It's essential to have measurements. I'm fanatical about this. If you ask organizations what their project failures have cost them, they can't tell you.
—Karen McIsaac, PMP
What are the merits of maturity models that don't use levels, such as PMI's Organizational Project Management Maturity Model (OPM3)?
Dr. Kerzner: While I believe that maturity is a never-ending quest for excellence and continuous improvement, there must be some structure and decision points that indicate that this is happening.
Maturity is both quantitative and qualitative. Quantitatively, we can measure results to see that improvements are taking place. Qualitatively, maturity involves the culture of the company, the ability of the people to work together, the amount of conflict requiring involvement of executive management and relationships with clients.
The best enterprise project management (EPM) methodologies may not provide the required results if the behavior is not in place. To wait five years to discover that in place is unthinkable. Structure and measurement for mid-course corrections is essential.
Ms. McIsaac: The merit of using maturity models that do not use levels is that an organization can build its own model that represents its goals, behaviors and improvement measures. However, using a model with some defined levels can make it simpler for an organization to quickly begin adoption.
How can a company maintain momentum after reaching a plateau?
Dr. Kerzner: The answer to this question is simple: executive support. There must be a champion at the top of the company who visibly supports the quest for maturity and excellence. As an example, in 1998, an auto supplier developed an Intranet-based EPM system that was championed by an executive. Shortly after the system was launched, he was assigned to other duties. Three years later, the company realized that no continuous improvement had occurred to the system. The executive returned and within six months, the company had made major continuous improvement efforts to its systems. Now permanently assigned as the champion for maturity in project management, the executive encouraged ideas to come forth, established a PMO to lead the benchmarking activities and solicited customer feedback on the customer's view of the maturity of their systems.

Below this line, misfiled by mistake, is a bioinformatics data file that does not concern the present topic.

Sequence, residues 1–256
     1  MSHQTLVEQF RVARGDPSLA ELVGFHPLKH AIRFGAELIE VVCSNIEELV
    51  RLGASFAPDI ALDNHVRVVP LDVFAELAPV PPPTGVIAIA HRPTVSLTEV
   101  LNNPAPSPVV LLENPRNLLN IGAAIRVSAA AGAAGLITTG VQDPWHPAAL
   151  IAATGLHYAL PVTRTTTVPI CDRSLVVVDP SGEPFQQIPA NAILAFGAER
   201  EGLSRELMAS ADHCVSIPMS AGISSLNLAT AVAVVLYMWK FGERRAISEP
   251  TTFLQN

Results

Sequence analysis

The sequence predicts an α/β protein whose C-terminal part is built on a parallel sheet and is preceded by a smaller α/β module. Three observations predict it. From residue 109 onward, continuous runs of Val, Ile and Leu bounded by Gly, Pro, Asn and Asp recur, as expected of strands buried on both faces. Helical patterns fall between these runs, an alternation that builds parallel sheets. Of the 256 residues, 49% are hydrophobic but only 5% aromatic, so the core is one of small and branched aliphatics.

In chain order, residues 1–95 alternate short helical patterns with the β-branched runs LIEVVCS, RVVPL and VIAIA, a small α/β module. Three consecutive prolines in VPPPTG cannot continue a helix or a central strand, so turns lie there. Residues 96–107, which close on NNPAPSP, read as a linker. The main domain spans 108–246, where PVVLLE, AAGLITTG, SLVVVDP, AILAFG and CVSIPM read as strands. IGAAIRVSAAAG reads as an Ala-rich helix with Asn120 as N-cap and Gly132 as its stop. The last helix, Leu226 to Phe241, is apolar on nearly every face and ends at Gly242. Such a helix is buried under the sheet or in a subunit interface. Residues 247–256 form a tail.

Ms. McIsaac: Charter a continuous improvement group to continually evaluate the organization, looking at the quality of the project executions, trends in project management, training and support needs, and the tools and financials associated with each. It can be part of the PMO or not, but the group works in an oversight and support role, monitoring what new things are coming and how the company is performing against capitalized project initiatives.
How long does it typically take companies to reach maturity?
Dr. Kerzner: The single most important force for achieving higher levels of maturity (other than continuous executive support) is the early-on establishment of a PMO. It becomes the major driver for the maturity process. Without a PMO, it may take three to five years to reach certain initial levels of maturity. With early establishment of a PMO, however, and the right people assigned to it, it may take only two years.
The problem with deciding upon a time frame for maturity is that it's heavily reliant upon someone's definition of maturity, the speed with which tools are either purchased or developed, and the commitment to the right levels of project management education.
Maturity is not the development of tools or processes. Maturity is the effective use of these instruments and continuous improvement in use of these instruments using captured best practices.
Ms. McIsaac: The time and resources devoted to pursuing organizational project management maturity depend on an organization's priorities and commitment as well as its ability to absorb change. Considering these factors and the current maturity level within an organization, my recommendation and goal would be a four- to seven-year timeline.
Is it worth the investment in time and money?
Dr. Kerzner: You know the amount of money needed to achieve a certain level of maturity. But what is the cost or opportunity loss of not achieving it? Is it possible for the opportunity loss to be at least an order of magnitude greater than the cost of achieving maturity? You bet.
Ms. McIsaac: Yes, it's worth it, with clear measurements against a factual baseline that can attest to the worth of the investment. Many organizations are investing millions of dollars on program and project investments, but these funds and project benefits are at risk without organizational project management expertise and maturity. PM
PM NETWORK | FEBRUARY 2006 | WWW.PMI.ORG
FEBRUARY 2006 | PM NETWORK